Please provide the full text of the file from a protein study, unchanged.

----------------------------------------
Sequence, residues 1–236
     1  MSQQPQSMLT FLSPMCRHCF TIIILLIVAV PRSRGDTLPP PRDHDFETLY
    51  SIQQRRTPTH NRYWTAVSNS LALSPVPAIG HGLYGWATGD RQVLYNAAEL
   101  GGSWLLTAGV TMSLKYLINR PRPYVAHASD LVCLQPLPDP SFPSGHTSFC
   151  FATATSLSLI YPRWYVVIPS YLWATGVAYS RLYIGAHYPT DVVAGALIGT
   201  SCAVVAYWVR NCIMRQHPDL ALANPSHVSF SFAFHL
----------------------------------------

Sequence, residues 1–236
     1  MSQQPQSMLT FLSPMCRHCF TIIILLIVAV PRSRGDTLPP PRDHDFETLY
    51  SIQQRRTPTH NRYWTAVSNS LALSPVPAIG HGLYGWATGD RQVLYNAAEL
   101  GGSWLLTAGV TMSLKYLINR PRPYVAHASD LVCLQPLPDP SFPSGHTSFC
   151  FATATSLSLI YPRWYVVIPS YLWATGVAYS RLYIGAHYPT DVVAGALIGT
   201  SCAVVAYWVR NCIMRQHPDL ALANPSHVSF SFAFHL